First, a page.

Any suggestions?

Note: the bolts visible in this picture are for the lifeline stanchion.

Thanks,
Russ
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Old 03-10-2010, 21:38   #6
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Encaspsulted chain plates are almost guaranteed to have crevice corrosion. There is no way to keep water completely out. A little electrolyte in the absence of oxygen and you have the perfect environment for cracked chain plates.

There are two reasons gel coat cracks. The first is the gel coat was applied too thick and, since it's relatively inflexible compared to the FRP laminate, it cracks. Had that happen to my last boat. Had to grind the deck down to bare glass and repaint. The other is the laminate is flexing under load and the result is the same as above. If the cracks are only in the area of the chain plates and the gel coat isn't much more than 1/32", the area around the chain plates needs to be reinforced with additional laminates and/glassed in stiffeners.

As far as replacing the chain plates. grind them out and bolt new ones into the bullkhead or knees if they, the knees, are still in solid shape. If bulkhead/knees need to be reinforced/replaced it's the time to do it.
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Old 03-10-2010, 21:52   #7
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Russ -
Those chain plates are highly "suspect". Stainless does rust if cut off from the air, and those were enclosed by fiberglass for ??? years.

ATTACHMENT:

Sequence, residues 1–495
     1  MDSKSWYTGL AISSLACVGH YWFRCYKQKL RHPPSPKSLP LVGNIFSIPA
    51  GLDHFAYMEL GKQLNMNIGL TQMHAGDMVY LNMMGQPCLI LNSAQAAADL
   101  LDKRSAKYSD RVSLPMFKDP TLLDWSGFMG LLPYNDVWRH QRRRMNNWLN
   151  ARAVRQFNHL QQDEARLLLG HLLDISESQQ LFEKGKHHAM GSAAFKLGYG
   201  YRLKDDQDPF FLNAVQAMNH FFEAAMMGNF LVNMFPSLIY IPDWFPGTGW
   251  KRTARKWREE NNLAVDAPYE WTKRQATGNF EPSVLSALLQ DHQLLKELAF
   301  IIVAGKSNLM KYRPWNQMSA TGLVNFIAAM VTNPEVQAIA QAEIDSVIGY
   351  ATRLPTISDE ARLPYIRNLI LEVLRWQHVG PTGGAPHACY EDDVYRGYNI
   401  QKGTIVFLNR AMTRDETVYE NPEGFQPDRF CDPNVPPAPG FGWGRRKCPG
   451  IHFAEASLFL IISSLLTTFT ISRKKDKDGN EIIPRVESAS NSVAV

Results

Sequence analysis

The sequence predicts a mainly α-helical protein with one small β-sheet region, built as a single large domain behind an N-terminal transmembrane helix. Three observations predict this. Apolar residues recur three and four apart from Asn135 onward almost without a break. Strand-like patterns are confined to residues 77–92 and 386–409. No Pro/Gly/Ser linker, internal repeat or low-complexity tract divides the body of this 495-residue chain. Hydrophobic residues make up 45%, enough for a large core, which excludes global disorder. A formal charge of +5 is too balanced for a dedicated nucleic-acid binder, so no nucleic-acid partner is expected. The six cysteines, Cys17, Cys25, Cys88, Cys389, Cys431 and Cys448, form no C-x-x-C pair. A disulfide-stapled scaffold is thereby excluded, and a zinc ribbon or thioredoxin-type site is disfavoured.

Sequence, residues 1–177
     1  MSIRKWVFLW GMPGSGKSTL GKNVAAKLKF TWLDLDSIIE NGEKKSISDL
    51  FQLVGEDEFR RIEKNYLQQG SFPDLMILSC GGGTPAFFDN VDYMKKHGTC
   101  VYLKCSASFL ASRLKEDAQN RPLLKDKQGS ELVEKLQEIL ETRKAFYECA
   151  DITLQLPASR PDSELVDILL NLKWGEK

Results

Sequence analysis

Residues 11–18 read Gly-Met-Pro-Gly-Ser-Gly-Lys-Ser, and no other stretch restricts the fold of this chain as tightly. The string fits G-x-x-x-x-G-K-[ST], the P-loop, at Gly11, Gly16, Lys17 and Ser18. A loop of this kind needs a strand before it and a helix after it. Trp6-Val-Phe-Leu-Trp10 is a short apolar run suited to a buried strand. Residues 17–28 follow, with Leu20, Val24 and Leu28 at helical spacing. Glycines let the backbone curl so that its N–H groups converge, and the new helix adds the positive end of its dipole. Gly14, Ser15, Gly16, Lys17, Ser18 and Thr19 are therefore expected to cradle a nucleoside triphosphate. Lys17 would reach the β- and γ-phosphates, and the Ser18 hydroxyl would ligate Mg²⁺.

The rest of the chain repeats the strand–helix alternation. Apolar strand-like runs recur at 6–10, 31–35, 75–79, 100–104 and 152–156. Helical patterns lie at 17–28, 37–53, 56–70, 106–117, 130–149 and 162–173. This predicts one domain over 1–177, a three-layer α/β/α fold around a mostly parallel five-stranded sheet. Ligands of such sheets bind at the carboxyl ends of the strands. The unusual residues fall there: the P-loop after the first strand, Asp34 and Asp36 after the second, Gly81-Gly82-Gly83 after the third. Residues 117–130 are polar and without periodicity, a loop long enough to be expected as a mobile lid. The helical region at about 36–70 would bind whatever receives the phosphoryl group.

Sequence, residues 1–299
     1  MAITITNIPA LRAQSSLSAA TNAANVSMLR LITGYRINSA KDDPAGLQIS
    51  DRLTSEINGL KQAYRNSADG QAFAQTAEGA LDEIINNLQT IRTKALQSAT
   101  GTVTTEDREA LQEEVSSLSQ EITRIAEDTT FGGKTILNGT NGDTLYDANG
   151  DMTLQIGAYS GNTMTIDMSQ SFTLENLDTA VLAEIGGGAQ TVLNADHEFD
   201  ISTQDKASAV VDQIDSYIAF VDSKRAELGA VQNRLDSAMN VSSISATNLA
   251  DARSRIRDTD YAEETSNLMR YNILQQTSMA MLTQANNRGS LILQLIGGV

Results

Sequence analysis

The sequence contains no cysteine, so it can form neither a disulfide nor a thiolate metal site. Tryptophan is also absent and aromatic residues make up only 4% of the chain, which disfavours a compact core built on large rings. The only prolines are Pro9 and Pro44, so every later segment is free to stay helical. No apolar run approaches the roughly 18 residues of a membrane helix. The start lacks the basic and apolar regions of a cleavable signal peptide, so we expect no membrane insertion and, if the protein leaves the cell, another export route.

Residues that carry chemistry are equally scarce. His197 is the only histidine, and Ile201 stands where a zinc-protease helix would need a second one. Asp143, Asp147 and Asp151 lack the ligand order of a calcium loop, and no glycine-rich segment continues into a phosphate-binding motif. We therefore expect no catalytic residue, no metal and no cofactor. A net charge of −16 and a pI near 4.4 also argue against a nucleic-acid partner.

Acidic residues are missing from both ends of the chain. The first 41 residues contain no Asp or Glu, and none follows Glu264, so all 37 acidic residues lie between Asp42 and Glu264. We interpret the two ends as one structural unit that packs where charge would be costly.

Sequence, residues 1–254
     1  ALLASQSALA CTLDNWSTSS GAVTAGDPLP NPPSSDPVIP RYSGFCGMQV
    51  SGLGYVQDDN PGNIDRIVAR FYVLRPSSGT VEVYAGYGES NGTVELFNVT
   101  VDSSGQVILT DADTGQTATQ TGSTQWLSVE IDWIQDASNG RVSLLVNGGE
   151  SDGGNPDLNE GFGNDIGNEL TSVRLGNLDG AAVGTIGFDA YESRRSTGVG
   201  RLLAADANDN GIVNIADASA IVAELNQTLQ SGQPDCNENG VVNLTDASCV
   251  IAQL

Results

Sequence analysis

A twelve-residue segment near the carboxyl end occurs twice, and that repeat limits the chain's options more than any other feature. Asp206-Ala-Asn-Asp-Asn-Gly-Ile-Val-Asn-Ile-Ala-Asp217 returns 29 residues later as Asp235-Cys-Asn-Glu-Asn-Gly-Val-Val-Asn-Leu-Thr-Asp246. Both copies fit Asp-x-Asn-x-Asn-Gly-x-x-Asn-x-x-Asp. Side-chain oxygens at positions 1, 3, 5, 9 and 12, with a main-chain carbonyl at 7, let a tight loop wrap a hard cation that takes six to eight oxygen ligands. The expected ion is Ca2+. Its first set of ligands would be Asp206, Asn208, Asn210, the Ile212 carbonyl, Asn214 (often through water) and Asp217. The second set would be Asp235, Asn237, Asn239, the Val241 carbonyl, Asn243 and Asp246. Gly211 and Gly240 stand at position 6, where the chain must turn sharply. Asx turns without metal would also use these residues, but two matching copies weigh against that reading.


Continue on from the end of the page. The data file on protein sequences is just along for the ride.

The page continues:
Start by grinding away the fiberglass on the inside of the chain plates with an angle grinder . Then you may be able to see how they are fastened and get a better idea what's going on. You should also search the archives or post a question at the owners association web site for your boat. There are probably others who have done been there done that with your model boat.

From what little you showed the boat looks like it might be in pretty rough condition. So you also need to think about what your budget and goals are for a refit. Are you trying to make it good as new or strong enough to go offshore, or do you just want to keep it going a few more years for weekend coastal or lake sailing? Boats grow old in a "death by a thousand cuts". Often it's not one major thing -- it's all the little things that add up to be major. You can put in a lot of work (time and $) to restore and have a boat that's not worth it on the resale market, or maybe you don't care about that. Give that some thought before you go too far down the road.
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Old 03-10-2010, 22:05   #8
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Whoa, thanks for explaining the images - that is very cool! Oh ... wait, no it isn't.

Yes, the one on the right is an impact, although it could have happened at the same time as the chain plate damage, it is probably unrelated to the chain plate cracks.

The chain plate cracks are very interesting, it looks like tension/compression damage. Picture the shroud going to the right, the chain plate would rotate somewhat about its center the top would follow the shroud and crush the fiberglass at the top right, and at the same time the bottom would move to the left and crush it on the bottom left. Then when the shroud moves to the left, the other pair of cracks would happen.

Several things could do this, but given the smack to the right my guess is that this boat was caught in a hurricane and the mast or rigging was tangled up with another boat and getting snapped fore and aft somehow, or who knows. Maybe a bunch of nasty jibes with slack rigging could do it, and the impact is dock rash.